Re: NCSA implementation of KeepAlive

> Let me try to summarize:
> (1) Roy insists that the name of the header which carries the
> "timeout" and "max" values is named "Keep-Alive", and nothing
> I can do will change his mind :-).

The header named "Keep-Alive" will carry all options associated
with a minimally persistant connection, whatever those options may be.
In other words, any options that may be implied by the Keep-Alive keyword.

> (2) The Spyglass browser ignores this header, the NCSA browser
> apparently ignores it, and nobody else's browser seems to pay
> any attention, either.

As I said before, it carries *diagnostic* information.  You don't have
to send it, and you don't have to read it, but if you happen to be running
a server for the purpose of testing client behavior (or running a client
in order to test a server implementation) it can be quite useful if
the server is using an adaptive timeout/request scheme to be able to
see the choices without forcing an actual timeout.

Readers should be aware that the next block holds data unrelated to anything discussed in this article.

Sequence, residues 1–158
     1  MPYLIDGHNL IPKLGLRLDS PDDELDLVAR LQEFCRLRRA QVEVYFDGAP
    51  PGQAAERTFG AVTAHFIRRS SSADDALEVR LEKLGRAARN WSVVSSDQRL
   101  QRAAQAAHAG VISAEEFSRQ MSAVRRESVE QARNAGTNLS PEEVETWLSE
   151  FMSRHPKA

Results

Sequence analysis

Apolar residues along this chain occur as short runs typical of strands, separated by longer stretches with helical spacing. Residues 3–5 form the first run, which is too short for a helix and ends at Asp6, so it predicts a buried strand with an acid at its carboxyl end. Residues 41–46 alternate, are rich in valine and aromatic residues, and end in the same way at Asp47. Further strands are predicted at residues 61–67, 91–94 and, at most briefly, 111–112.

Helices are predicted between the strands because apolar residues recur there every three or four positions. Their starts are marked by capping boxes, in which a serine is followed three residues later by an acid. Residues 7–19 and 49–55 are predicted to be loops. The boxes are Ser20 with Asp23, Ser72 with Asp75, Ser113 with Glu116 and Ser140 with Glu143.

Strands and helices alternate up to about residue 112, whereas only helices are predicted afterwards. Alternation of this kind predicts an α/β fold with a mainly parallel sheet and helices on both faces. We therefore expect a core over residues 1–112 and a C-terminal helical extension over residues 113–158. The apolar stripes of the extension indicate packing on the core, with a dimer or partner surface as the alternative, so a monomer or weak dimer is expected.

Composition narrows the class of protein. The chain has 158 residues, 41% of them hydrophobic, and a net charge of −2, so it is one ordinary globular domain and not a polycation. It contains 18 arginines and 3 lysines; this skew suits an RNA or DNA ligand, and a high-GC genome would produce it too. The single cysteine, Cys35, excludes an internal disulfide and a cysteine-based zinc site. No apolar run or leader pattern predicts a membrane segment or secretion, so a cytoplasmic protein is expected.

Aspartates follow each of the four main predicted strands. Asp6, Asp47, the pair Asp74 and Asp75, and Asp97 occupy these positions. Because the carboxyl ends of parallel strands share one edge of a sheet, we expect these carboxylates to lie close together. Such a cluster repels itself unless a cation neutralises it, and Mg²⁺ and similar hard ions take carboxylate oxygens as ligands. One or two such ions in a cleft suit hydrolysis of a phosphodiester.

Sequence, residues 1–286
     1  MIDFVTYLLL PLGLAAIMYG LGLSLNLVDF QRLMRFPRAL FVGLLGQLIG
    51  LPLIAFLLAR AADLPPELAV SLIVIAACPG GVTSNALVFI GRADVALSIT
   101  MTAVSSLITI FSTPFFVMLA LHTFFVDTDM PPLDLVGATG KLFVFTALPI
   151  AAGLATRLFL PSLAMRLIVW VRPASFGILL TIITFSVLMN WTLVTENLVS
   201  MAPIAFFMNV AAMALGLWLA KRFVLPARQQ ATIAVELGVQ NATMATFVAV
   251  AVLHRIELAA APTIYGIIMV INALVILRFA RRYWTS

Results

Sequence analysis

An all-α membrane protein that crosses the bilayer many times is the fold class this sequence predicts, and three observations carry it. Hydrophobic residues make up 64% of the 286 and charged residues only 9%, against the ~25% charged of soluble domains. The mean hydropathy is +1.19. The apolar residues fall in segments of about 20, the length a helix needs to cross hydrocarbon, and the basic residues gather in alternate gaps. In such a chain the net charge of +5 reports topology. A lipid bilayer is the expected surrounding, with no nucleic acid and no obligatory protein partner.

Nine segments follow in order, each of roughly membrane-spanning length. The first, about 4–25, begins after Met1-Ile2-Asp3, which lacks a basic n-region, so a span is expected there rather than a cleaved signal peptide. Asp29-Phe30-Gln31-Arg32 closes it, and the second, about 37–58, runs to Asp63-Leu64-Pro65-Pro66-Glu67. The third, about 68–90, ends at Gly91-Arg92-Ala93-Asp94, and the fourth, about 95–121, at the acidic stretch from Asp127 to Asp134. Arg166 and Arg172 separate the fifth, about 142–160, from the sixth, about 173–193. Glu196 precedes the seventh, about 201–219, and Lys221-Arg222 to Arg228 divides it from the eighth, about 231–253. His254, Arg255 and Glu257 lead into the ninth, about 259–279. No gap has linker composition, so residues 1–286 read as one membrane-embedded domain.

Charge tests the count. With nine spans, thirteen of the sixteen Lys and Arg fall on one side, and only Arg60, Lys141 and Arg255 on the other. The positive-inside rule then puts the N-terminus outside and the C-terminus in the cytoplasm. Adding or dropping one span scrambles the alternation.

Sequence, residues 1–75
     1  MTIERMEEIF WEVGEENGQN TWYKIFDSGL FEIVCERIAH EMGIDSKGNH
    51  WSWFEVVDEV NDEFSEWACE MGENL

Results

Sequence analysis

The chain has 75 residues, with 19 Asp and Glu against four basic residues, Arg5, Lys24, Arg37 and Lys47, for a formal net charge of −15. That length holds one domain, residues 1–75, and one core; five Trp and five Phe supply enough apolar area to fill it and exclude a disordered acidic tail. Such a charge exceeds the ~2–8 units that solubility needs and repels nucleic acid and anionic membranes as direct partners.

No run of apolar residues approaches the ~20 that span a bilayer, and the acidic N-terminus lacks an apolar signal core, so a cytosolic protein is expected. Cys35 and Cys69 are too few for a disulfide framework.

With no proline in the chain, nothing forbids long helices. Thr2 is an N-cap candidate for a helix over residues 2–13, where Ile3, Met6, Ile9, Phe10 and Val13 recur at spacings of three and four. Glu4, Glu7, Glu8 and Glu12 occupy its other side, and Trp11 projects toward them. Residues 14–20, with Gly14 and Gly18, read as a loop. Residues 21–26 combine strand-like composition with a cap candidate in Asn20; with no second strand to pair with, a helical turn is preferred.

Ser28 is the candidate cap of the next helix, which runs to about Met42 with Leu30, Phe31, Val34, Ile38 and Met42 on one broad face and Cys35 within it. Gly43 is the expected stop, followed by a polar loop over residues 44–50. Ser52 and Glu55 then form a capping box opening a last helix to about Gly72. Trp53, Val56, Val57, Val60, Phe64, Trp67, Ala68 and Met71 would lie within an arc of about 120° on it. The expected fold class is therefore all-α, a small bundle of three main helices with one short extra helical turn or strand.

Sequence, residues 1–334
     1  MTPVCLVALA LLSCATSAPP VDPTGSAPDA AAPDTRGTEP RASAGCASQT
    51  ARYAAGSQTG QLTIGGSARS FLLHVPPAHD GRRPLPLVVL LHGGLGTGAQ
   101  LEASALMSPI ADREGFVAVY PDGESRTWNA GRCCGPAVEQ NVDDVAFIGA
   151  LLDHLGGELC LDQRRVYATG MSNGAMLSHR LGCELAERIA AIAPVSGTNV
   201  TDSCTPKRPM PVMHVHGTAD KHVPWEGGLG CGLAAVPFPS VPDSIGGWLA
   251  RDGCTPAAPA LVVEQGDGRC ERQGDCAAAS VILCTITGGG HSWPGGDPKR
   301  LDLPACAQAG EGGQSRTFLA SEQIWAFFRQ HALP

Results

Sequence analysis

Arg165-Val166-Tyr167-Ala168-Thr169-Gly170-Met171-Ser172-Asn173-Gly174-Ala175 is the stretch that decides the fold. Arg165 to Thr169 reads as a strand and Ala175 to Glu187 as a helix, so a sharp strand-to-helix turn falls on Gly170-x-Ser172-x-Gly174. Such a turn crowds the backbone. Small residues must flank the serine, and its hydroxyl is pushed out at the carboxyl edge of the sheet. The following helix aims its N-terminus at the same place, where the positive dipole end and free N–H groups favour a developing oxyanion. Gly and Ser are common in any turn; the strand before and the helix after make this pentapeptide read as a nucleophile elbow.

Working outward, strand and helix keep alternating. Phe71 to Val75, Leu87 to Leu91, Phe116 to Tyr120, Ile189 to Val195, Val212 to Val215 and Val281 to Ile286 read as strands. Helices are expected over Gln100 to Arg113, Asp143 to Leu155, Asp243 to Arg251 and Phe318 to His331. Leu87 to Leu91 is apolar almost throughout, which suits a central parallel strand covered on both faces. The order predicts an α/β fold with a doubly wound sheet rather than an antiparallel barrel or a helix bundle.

> (3) Roy tried to sneak past us a new mechanism that allows the
> server to tell the client what state it will maintain between
> requests on the same connection.

Hah, I had to point it out three times -- not very sneaky.

>    (c) The "stored-state" stuff ought to be carried in a new header
>    named "Stored-state".

That would require a Stored-state keyword for the Connection header,
but that's okay with me; I don't need to include it as part of the
keep-alive mechanism (in fact, I'd rather not).

BTW, "Keep-State" seems like a better name for that.   ;-)
[and no, I won't be including persistant state in HTTP/1.1 until
at least one implementation proves that it is worthwhile]

 ...Roy T. Fielding
    Department of Information & Computer Science    (
    University of California, Irvine, CA 92717-3425    fax:+1(714)824-4056

Received on Saturday, 21 October 1995 15:43:19 UTC